Northwest Alabama Regional Airport

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Northwest Alabama Regional Airport
Northwest Alabama Regional Airport Logo.png
Northwest Alabama Regional Airport.jpg
NAIP image, 2006
Summary
Airport typePublic
OwnerColbert & Lauderdale Counties
ServesMuscle Shoals, Alabama
Elevation AMSL551 ft / 168 m
Coordinates34°44′43″N 087°36′37″W / 34.74528°N 87.61028°W / 34.74528; -87.61028Coordinates: 34°44′43″N 087°36′37″W / 34.74528°N 87.61028°W / 34.74528; -87.61028
Websitewww.FlyTheShoals.com
Map
MSL is located in Alabama
MSL
MSL
Runways
Direction Length Surface
ft m
11/29 6,694 2,040 Asphalt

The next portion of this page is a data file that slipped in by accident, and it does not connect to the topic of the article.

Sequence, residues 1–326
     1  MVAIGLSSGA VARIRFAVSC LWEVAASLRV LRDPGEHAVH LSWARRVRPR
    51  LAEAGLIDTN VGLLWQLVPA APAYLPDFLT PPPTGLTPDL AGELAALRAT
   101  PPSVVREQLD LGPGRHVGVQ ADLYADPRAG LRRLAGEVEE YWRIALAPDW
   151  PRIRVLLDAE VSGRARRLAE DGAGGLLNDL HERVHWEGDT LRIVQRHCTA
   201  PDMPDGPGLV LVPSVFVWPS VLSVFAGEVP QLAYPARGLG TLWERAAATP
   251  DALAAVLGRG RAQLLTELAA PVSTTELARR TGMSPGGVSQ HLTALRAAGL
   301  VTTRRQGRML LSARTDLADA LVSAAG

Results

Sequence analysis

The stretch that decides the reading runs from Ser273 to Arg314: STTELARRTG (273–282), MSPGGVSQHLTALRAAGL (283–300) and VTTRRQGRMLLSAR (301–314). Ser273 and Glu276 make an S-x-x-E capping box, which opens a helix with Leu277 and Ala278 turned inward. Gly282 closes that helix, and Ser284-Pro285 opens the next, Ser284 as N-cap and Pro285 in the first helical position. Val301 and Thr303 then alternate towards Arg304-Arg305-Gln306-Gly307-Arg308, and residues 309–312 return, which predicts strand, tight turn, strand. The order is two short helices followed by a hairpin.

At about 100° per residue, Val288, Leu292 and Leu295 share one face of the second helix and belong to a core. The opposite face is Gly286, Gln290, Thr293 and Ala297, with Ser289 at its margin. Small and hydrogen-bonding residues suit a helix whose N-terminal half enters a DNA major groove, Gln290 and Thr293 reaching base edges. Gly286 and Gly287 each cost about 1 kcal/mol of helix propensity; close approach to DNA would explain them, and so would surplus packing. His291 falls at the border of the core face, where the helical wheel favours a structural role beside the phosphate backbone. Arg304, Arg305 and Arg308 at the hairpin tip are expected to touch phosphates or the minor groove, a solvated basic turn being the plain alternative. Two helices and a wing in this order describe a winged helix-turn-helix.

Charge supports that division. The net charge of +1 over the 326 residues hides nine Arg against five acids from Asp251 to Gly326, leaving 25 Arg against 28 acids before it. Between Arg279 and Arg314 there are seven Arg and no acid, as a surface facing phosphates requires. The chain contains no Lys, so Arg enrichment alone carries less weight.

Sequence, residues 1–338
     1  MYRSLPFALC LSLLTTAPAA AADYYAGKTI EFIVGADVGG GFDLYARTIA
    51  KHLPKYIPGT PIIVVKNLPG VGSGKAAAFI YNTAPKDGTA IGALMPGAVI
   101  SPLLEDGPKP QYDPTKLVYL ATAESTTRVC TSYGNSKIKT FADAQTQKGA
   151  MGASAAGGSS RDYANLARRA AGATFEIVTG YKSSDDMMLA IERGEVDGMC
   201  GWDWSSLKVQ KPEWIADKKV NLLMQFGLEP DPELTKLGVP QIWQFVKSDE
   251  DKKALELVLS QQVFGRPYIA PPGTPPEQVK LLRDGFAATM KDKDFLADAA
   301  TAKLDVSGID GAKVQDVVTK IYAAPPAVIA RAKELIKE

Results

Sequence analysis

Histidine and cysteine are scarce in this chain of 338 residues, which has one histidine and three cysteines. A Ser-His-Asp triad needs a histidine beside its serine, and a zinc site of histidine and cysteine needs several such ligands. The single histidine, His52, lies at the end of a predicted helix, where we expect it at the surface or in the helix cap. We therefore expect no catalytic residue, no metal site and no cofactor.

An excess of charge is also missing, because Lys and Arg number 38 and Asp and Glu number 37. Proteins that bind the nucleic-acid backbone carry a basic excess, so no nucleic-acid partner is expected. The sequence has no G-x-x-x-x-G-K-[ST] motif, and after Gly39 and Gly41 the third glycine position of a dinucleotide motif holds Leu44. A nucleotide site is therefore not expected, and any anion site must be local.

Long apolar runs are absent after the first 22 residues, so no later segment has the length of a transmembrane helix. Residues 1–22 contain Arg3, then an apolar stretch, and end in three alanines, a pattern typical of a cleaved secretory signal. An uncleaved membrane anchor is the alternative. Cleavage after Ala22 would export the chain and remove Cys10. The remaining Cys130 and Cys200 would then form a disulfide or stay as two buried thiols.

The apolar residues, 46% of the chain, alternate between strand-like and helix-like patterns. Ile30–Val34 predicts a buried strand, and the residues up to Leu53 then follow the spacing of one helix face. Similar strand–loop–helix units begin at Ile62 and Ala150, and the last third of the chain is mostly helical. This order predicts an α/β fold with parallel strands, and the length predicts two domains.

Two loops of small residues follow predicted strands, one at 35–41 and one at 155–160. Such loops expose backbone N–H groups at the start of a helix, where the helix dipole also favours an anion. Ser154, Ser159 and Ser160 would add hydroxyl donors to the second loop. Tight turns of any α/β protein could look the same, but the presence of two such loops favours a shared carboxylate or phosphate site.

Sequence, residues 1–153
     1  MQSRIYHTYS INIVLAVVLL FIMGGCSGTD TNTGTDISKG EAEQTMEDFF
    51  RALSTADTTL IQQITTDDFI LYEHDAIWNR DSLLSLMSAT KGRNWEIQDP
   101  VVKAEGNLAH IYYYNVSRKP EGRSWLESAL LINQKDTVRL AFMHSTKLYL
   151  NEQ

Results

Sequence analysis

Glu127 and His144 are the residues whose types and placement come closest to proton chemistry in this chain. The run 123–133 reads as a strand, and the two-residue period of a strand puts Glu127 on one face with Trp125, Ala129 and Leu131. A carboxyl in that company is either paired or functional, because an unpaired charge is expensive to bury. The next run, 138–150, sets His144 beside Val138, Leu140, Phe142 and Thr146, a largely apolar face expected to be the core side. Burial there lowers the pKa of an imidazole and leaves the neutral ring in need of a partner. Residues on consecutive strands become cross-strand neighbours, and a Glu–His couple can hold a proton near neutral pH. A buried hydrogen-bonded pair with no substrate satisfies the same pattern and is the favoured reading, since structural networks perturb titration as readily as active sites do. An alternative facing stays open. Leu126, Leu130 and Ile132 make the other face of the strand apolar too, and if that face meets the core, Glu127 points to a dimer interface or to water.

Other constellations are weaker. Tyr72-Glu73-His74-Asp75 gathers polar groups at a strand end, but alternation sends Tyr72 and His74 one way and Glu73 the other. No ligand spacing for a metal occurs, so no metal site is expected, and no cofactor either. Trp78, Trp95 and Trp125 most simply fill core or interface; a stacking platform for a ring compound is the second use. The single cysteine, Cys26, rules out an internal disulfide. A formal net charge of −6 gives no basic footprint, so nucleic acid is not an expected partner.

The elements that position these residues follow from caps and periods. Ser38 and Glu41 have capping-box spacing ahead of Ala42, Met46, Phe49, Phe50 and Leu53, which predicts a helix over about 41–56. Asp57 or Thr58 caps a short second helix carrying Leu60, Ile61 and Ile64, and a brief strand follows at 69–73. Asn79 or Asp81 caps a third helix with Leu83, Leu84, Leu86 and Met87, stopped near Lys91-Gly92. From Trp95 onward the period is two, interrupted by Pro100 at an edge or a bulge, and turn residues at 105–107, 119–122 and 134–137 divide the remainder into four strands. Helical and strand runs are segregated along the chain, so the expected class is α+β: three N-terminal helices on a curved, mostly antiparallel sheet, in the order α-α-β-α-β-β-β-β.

18/36 4,000 1,219 Asphalt
Statistics (2019)
Aircraft operations51,400
Based aircraft59

Northwest Alabama Regional Airport (IATA: MSL[2], ICAO: KMSL, FAA LID: MSL) is a mile east of Muscle Shoals, in Colbert County, Alabama. It is owned by the counties of Colbert and Lauderdale. The airport is serviced by Boutique Air, subsidized by the Essential Air Service program. Formerly, the airport operated as Muscle Shoals Auxiliary Field.

History[edit]

Military[edit]

The airport opened as Muscle Shoals Auxiliary Field opened in February 1940, but in 1942 it was taken over by the United States Army Air Forces as a World War II pilot training military airfield. It was assigned to the AAF Flying Training Command, Southeast Training Center (later Eastern Flying Training Command) as a basic (stage 2) pilot training airfield. Pilot training at the airfield apparently ended on May 30, 1944, with the drawdown of AAFTC's pilot training program. The airfield was returned to civil control at the end of the war.

Recent[edit]

Former airport logo